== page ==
Accelerated ischemic vascular retinopathy after intravitreally injected bevacizumab for central retinal vein occlusion in elderly patients
Vincenzo Isola,1 Alfredo Pece,1,2 Claudio Massironi,1 Simone Reposi,1 Fabio Dimastrogiovanni1
1Department of Ophthalmology, Melegnano Hospital, 2Fondazione Retina 3000, Milano, Italy
Background: Ischemic changes in the retinal circulation are an uncommon but severe adverse vascular reaction to intravitreal bevacizumab (Avastin®, Genentech, San Francisco, CA, USA/Roche, Basel, Switzerland) for central retinal vein occlusion (CRVO). In the two cases reported here, ischemic changes in the retina vasculature following intravitreal bevacizumab for CRVO were observed with the aim of describing the clinical and angiographic features of these changes.
Methods: Two elderly patients with recent-onset CRVO received one off-label intravitreal injection of bevacizumab 0.05 mL/1.25 mg.
Results: In Case 1, the patient's pre-treatment visual acuity was 20/400. At 3 weeks post injection, the patient could count fingers at a distance of 1 ft (30 cm) and fluorescein angiography showed reduction in intraretinal hemorrhages and areas of retinal non-perfusion. However, at 6 weeks these were markedly increased compared with those seen in the photograph taken 3 weeks after treatment. In Case 2, the patient's pre-treatment visual acuity was 20/200. At 1 month post injection, vision had decreased to 20/400 and fluorescein angiography showed severe macular ischemia with a remarkable capillary dropout throughout the macula.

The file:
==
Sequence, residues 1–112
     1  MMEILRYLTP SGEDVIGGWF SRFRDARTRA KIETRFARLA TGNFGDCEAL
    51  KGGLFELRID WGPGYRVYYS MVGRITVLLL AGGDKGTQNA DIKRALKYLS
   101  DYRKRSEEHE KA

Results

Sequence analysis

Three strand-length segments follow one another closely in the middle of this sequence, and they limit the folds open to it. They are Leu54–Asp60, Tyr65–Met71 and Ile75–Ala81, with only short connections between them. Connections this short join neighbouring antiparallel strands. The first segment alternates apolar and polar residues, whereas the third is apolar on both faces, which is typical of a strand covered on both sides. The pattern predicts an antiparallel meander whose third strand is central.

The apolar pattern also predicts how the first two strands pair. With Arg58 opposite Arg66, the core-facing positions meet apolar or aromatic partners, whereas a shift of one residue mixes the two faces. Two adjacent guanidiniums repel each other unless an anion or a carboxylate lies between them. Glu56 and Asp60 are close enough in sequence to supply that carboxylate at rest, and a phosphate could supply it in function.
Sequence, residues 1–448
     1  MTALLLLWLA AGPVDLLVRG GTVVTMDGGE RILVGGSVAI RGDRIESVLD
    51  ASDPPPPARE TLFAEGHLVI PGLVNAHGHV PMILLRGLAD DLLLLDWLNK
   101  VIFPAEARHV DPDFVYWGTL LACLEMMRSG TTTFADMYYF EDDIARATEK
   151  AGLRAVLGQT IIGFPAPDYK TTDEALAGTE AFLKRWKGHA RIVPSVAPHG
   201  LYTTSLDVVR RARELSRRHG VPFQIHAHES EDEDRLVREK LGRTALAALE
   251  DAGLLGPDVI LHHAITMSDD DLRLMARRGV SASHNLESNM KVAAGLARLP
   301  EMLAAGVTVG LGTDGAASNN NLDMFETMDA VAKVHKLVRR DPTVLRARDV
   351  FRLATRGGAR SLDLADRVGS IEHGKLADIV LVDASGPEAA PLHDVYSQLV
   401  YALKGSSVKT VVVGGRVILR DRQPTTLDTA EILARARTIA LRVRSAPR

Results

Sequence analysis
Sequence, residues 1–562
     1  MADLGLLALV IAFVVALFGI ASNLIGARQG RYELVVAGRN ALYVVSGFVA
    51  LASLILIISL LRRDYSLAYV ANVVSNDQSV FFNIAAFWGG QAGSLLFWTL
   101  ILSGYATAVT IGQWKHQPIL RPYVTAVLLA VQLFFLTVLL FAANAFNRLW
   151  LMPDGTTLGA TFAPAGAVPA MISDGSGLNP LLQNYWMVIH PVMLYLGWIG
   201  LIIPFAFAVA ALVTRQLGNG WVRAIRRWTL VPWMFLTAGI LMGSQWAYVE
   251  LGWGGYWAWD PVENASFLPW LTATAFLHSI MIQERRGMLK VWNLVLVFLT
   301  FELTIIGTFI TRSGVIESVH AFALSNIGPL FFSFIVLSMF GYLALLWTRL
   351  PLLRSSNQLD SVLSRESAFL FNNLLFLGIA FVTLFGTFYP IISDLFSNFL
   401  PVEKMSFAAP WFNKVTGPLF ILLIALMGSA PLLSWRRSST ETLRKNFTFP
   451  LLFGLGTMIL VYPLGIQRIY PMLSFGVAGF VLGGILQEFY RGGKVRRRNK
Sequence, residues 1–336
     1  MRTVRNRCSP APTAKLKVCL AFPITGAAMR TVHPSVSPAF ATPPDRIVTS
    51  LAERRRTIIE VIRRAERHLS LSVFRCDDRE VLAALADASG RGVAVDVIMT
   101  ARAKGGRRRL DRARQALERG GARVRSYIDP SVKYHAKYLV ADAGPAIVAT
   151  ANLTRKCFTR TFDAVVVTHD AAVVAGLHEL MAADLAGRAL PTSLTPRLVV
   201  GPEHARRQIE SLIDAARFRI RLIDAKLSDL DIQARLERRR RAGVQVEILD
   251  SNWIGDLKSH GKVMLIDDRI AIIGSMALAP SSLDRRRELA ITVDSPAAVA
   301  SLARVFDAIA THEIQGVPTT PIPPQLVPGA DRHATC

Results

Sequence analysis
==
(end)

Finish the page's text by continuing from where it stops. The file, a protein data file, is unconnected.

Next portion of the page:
Conclusion: Ischemic retinal injury may be an uncommon but severe adverse vascular reaction to intravitreal bevacizumab for CRVO. Although progression of retinal ischemia in CRVO could be observed shortly after intravitreal bevacizumab, whether this is a drug- or procedure-related effect or part of the natural history of the condition remains uncertain.
Keywords: Avastin, ischemia, macular infarction, intraretinal hemorrhage, retinal non-perfusion
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